BANKING & FINANCE: The Paper Chase
One basic tax planningstrategy is to accelerate deductions to the extent possible. But totake those deductions, you must prove that you’re entitled to them.The IRS has numerous rules covering what constitutes appropriatedocumentation for your deductions:
Deductions for businesstravel and entertainment expenses, business use of cars, and businessgifts should be backed up by adequate records and evidenceshowing:
• the amount of theexpense
• the time andplace of the travel or entertainment, or use of the facility orproperty (for example, the use of a business car)
• the date anddescription of the business gift
• the businesspurpose of the expense or other item and, in the case of businessentertainment or gifts, the business relationship of the person beingentertained or receiving the gift.
Records should ideallybe kept in a diary, log, or other systematic format. To ease therecordkeeping burden, use a brief log combined with receipts toestablish time, place, amount, and business purpose.
To further minimizerecordkeeping requirements, the IRS recently finalized an increase to$75 for the “deminimis” threshold for requiring receipts to supportmost business meal, travel and entertainment deductions.
Although allaway-from-home lodging expenses and any other expense of $75 or morecontinues to be subject to the rules requiring receipts, the increasefrom the former $25 threshold is welcome relief from the paperchase.
Also, receipts for transportation expenses, such as public transit, aren’t required ifreceipts aren’t readily available.
The above requirementsassociated with deducting actual vehicle expenses can be burdensome,so some prefer to use the mileage method. Generally, those who havenot deducted actual expenses with respect to a vehicle may choose touse the mileage rate method for that vehicle. The business usemileage rate for 2000 is 32.5 cents per mile. Mileage incurred forcharitable purposes may be deducted at 14 cents per mile, and medicalor moving expenses may be deducted at 10 cents per mile. Thesubstantiation requirements for mileage-based deductions require onlya record of the time, place and purpose of business trips. Recordsand receipts of actual expenses are not required.
Whether you claim actualexpenses or use the mileage allowance method, you can deduct the costof business-connected tolls and parking, as long as there’s a recordand receipt of the expense.
Different documentationrequirements apply depending on the value of your contribution andwhether it is cash or property. In general, cash contributions under$250 should be supported with at least a cancelled check or similarrecord. If you’re audited, you may have to prove your deduction byfurnishing a statement from the charity, particularly if you receivedsomething of value in exchange for the contribution.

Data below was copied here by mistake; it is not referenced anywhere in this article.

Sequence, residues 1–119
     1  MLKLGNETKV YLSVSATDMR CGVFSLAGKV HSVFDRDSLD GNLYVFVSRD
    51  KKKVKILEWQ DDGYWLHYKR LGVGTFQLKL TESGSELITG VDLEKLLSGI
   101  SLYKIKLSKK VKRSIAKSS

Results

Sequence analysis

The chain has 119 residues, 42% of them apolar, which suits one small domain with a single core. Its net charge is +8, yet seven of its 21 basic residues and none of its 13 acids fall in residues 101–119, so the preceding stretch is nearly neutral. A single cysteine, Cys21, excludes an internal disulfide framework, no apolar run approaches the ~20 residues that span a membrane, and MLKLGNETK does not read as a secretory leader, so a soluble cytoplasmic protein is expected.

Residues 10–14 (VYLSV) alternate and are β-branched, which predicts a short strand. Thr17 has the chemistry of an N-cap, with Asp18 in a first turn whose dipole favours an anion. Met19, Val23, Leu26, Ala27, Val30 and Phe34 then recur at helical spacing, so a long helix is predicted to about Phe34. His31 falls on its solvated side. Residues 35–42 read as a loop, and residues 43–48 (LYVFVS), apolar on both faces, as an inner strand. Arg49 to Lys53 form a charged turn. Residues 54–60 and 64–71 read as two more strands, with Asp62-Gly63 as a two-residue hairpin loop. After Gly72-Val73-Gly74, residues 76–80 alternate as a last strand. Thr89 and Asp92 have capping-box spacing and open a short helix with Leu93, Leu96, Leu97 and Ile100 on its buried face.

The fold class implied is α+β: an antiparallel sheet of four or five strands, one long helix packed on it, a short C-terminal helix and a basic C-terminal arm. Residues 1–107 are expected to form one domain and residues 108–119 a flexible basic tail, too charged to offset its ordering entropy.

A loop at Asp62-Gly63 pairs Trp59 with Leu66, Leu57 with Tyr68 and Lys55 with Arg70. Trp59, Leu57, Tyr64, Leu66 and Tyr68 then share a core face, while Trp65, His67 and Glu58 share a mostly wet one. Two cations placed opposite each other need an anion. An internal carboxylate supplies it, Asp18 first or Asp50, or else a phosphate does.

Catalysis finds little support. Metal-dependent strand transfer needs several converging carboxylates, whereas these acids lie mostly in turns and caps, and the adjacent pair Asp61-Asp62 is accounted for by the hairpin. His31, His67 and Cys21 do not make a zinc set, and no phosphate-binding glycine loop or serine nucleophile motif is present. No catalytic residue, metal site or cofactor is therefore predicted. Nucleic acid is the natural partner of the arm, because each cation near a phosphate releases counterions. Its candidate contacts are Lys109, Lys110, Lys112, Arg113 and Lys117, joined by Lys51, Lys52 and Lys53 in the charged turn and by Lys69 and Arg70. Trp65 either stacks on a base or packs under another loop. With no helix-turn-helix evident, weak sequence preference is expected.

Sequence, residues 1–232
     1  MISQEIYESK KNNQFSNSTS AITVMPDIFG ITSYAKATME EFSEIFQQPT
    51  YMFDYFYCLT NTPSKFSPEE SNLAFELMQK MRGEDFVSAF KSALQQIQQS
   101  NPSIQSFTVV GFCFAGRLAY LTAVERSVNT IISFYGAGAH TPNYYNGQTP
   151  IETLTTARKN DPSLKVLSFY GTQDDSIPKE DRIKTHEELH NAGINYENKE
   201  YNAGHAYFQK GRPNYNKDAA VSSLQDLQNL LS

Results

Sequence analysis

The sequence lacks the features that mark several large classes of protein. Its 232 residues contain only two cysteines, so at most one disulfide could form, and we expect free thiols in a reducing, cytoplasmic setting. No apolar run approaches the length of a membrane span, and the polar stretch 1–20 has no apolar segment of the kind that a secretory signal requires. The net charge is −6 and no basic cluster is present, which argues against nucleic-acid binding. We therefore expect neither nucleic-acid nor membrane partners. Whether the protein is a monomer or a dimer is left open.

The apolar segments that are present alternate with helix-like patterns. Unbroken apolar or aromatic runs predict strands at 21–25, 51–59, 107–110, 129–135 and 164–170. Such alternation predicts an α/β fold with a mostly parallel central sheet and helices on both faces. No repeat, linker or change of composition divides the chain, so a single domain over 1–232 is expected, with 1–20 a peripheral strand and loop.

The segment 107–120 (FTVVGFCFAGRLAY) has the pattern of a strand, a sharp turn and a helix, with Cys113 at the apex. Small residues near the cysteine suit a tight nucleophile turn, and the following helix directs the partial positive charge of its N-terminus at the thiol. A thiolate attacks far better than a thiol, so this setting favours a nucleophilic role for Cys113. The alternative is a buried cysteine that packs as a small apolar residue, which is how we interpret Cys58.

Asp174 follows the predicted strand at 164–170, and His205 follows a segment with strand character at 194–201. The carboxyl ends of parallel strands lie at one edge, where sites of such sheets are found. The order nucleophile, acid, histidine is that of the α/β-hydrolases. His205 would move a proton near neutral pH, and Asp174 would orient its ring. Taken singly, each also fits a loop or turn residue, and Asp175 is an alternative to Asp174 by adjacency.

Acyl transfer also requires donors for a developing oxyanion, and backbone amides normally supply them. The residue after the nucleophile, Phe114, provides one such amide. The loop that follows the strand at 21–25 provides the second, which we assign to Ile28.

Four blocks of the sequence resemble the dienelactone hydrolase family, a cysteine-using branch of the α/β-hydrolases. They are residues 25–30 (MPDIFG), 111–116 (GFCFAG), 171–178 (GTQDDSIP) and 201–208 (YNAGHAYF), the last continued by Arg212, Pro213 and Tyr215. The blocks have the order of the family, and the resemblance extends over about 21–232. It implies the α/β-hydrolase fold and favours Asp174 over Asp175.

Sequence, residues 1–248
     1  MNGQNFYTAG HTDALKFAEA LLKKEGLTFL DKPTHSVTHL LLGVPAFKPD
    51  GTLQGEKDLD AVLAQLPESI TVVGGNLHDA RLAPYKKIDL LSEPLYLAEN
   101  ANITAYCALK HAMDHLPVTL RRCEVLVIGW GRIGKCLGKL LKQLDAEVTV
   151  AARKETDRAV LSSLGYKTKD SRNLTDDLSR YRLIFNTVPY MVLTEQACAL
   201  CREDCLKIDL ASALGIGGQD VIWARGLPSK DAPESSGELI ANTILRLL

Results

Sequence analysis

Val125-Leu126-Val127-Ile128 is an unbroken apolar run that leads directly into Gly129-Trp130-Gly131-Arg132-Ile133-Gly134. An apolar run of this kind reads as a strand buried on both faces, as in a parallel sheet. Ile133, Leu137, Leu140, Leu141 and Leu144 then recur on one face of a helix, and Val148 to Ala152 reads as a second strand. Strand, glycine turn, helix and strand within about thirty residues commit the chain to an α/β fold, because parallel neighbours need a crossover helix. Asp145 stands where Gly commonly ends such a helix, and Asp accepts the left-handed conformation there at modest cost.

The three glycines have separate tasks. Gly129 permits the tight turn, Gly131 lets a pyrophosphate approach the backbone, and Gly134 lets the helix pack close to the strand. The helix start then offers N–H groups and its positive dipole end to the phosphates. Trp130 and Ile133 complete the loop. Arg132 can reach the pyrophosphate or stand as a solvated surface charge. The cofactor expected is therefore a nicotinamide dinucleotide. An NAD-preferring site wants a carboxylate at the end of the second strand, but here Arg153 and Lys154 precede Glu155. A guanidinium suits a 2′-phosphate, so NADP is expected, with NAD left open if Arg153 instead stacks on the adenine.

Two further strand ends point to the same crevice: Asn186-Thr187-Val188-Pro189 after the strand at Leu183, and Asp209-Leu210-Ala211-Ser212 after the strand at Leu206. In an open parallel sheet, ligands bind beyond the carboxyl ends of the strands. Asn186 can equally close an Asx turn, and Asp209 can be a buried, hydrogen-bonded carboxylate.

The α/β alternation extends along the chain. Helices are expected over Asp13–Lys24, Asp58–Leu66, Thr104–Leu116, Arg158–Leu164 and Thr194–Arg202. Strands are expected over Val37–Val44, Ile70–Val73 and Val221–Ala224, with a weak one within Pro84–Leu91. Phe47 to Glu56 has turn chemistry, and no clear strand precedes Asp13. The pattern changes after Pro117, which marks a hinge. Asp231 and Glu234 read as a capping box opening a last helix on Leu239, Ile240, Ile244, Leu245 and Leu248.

If you contributeproperty worth less than $250, you should obtain a receipt from thecharity showing your name, the date and location of the contribution,and a detailed description of the property. The value of the propertyneed not be stated on the receipt. Where a receipt isn’t requiredbecause of impracticality (for example, leaving property at acharity’s unattended drop site), keep reliable written records foreach item of donated property containing the above information,including the value of the property.
Cash and propertycontributions of $250 or more must be documented with a writtenacknowledgment from the charity, since a cancelled check is notenough for substantiation purposes. The written acknowledgment mustinclude: (1) the amount of cash or a description of the property; (2)whether the charity provided any goods or services in connection withthe contribution; and (3) a description and estimate of the value ofgoods or services provided.
Charitable gifts ofproperty exceeding $500 are subject to the same substantiation rulesas contributions of property over $250. Additionally, records shouldbe kept showing how and when the property was acquired and youroriginal cost for property. For property contributions exceeding$5,000 in value, the IRS generally also requires that you obtain aqualified appraisal and attach an appraisal summary to your taxreturn.
Be sure to consult a taxprofessional about requirements specific to yoursituation.
Christopher Morse,CPA, MST, is a Senior Tax Manager at Weber, Curtin & Drake, PC,in Traverse City. He has over 12 years of public accountingexperience serving financial institutions, construction,manufacturing and real estate industry clients and individuals.BIZNEWS